Forging ahead in Africa and the Med
Africa and the Mediterranean region are home to a rich supply of oil and gas reserves. Though this may be true, both regions have experienced resistance when it comes to midstream pipelines.
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Throughout 2016 and to the present day, Nigeria has been on the receiving end of pipeline attacks. These sabotages, primarily in the Niger Delta region, have largely been claimed by militant groups who believe that the area should receive a greater share of the oil wealth generated by the Niger Delta’s crude reserves.
As a result of these attacks, Nigeria’s crude production has dwindled drastically. However, Africa is not alone in bearing the brunt of this opposition to pipeline infrastructure.
In October 2016, the Tabriz-Ankara pipeline (otherwise known as the Iranian-Turkey pipeline) came under attack by protest groups. Turkey has often fallen prey to pipeline disruptions, primarily caused by the guerrilla organisation, the Kurdistan Workers’ Party (PKK). In a similar vein, in July 2016, resistance from Cyprus over the Turkey-Israel pipeline came to light. It was essential for Turkey to mend its ties with Cyprus before operations could begin, as the line would transport Israeli natural gas through Cypriot territory. However, despite some disruption, several new and ongoing projects are still in the pipeline.
The Trans Adriatic pipeline (TAP) is currently forging ahead. Rikard Scoufias, TAP Country Manager for Greece, stated that the pipeline is “on track” to continue gas deliveries by 2020. Approximately 75% of pipes have already been delivered for construction in Albania, where TAP has recently completed the first phase of road infrastructure rehabilitation.
Ian Bradshaw, Managing Director of the TAP consortium, noted: “Approximately 100 km of pipeline length has been welded, 30 km has been backfilled and 6 km has been reinstated […] So far, over 60% of the 32 000 line pipes that are needed to build the 550 km Greek section have been delivered.” TAP will connect to the Trans Anatolian pipeline (TANAP) at the Turkish-Greek border, where it will transport Caspian natural gas to Europe. The project aims to help meet Europe’s energy demand and reduce its dependence on Russia.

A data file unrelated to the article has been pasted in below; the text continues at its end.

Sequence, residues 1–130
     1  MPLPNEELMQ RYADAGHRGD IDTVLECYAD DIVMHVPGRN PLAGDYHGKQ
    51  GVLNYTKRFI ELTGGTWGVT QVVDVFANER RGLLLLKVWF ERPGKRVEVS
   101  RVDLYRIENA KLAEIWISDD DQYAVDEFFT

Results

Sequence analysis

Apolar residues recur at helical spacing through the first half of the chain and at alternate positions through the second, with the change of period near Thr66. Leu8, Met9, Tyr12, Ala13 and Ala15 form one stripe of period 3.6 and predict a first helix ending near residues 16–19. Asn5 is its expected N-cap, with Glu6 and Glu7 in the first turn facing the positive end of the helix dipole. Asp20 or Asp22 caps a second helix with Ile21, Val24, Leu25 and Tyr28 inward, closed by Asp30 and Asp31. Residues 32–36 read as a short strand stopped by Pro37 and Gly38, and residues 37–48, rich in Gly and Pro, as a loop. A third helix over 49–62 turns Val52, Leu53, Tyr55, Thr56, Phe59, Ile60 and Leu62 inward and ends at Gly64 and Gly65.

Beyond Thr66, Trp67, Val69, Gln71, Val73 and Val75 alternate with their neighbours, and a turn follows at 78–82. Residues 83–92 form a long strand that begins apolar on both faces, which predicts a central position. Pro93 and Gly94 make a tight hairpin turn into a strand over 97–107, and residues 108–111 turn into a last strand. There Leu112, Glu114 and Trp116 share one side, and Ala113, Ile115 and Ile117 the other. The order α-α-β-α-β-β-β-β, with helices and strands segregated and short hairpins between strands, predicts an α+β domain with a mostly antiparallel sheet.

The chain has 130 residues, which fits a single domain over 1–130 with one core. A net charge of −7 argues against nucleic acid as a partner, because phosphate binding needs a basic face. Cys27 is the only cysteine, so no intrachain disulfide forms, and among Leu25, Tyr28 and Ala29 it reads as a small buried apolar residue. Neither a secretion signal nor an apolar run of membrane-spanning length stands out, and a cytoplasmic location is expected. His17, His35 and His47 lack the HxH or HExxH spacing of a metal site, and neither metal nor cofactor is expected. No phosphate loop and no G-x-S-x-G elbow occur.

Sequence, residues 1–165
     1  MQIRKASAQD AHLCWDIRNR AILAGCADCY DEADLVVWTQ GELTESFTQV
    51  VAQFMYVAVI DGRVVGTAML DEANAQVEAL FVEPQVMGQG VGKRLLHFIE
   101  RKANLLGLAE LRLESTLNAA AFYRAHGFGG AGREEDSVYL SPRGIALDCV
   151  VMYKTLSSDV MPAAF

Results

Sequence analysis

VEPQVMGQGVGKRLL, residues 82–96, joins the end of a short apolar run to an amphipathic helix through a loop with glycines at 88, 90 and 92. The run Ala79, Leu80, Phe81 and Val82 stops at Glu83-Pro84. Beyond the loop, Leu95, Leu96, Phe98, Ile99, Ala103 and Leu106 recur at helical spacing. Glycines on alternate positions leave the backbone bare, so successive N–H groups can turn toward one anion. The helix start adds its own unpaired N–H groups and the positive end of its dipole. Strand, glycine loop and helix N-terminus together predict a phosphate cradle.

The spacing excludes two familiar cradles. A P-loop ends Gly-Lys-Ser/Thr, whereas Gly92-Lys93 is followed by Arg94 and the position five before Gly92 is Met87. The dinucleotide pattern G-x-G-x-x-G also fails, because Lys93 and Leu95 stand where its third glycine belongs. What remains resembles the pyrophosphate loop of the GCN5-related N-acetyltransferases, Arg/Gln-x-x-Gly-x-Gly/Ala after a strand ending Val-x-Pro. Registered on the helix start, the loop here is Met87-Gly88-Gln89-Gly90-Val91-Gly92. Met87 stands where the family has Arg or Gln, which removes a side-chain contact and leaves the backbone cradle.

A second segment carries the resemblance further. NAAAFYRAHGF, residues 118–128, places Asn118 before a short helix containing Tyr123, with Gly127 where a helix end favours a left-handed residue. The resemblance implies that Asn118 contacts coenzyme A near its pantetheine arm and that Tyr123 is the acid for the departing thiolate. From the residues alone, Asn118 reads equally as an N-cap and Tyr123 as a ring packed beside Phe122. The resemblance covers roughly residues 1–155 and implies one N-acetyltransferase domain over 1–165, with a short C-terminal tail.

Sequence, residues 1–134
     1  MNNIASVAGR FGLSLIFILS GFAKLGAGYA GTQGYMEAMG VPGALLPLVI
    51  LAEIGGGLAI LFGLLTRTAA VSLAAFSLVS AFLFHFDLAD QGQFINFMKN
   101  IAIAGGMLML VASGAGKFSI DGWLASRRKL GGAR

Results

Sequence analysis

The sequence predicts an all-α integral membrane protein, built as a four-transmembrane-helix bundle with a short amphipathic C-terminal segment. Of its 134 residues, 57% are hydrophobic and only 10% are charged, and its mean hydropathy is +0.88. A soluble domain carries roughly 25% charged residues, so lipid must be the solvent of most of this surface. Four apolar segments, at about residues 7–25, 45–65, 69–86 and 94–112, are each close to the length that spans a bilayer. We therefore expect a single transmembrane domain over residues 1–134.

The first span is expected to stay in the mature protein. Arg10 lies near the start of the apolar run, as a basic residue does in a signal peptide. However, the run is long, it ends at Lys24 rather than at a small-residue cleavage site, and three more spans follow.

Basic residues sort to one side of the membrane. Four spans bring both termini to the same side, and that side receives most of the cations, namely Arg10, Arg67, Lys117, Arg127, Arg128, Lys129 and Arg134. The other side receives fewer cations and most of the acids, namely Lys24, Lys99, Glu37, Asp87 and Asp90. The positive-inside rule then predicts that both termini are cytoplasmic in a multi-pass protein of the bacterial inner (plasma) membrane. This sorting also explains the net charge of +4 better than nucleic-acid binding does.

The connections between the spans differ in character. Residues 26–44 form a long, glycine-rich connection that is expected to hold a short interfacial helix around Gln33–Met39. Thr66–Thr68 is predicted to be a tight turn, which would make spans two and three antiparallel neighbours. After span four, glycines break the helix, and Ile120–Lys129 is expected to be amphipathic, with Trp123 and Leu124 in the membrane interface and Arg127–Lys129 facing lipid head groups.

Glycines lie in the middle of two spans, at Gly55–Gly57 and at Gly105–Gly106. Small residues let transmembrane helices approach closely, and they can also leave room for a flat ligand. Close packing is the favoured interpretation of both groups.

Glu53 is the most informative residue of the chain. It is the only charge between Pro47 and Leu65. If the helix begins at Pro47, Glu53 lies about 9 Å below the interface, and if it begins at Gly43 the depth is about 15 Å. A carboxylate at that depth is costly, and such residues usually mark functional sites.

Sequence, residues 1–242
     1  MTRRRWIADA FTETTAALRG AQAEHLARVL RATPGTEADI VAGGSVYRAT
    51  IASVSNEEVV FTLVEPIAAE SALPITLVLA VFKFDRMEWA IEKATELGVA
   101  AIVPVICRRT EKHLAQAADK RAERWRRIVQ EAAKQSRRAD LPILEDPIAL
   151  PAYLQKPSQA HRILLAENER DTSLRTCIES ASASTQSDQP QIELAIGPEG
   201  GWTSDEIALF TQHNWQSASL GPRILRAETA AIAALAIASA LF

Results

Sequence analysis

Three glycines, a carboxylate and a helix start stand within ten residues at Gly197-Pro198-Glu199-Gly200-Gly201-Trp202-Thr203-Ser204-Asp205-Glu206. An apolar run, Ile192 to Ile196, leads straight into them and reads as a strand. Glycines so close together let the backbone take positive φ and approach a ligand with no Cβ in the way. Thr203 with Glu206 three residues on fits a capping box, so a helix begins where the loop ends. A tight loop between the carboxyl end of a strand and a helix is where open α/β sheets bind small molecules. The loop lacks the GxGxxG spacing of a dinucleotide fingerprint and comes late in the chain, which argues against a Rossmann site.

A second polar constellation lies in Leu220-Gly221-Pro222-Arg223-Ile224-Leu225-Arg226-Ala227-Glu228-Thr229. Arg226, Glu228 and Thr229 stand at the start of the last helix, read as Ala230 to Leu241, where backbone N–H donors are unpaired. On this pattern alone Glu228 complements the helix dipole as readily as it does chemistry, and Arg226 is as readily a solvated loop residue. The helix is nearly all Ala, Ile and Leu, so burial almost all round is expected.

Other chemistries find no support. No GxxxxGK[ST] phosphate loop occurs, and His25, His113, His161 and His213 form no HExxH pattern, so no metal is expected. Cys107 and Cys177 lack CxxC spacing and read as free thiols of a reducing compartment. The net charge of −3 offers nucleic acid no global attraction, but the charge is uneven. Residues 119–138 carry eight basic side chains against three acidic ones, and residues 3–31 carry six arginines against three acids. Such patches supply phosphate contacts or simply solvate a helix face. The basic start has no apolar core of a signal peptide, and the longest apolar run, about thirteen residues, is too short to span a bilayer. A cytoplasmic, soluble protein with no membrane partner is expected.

In early 2016, Uganda and Tanzania partnered to construct the East African crude oil pipeline (EACOP). The 1145 km line will transport crude from Uganda to Tanzania, where it will then travel to international markets.
Work on EACOP began in December 2016, and on 18 January, Gulf Interstate Engineering was awarded a contract for the design of the US$3.55 billion pipeline. Currently, Gulf expects its work to be completed in seven months, which will then allow for a contractor to be selected. The project is progressing at a steady pace.
One of the most topical projects launched in Africa and the Mediterranean is the Trans-African natural gas pipeline. In an attempt to strengthen the economy of West Africa, the Nigerian Sovereign Wealth Fund and Morocco’s Ithmar Capital have announced they will develop the project. This means that Nigerian gas will be transported to Morocco before being delivered to its neighbouring European markets. During a recent summit, King Mohammed VI of Morocco highlighted that the pipeline will not only benefit the African gas producing countries, but the entirety of West Africa.
The pipeline will be approximately 4000 km and, as the project advances, a specific route will be determined soon. However, though currently undecided, the line is expected to pass along the West African coast. Ghana, Cote D’Ivoire, Sierra Leone, Guinea, Senegal, Mauritania and Western Sahara are just a few of the coastal countries that the pipeline could potentially pass through. Together with the other abovementioned projects, we can certainly expect to see more of this pipeline throughout 2017. To read more about these pipelines, as well as several other current midstream projects in Africa and the Mediterranean region, turn to the regional report on p.12.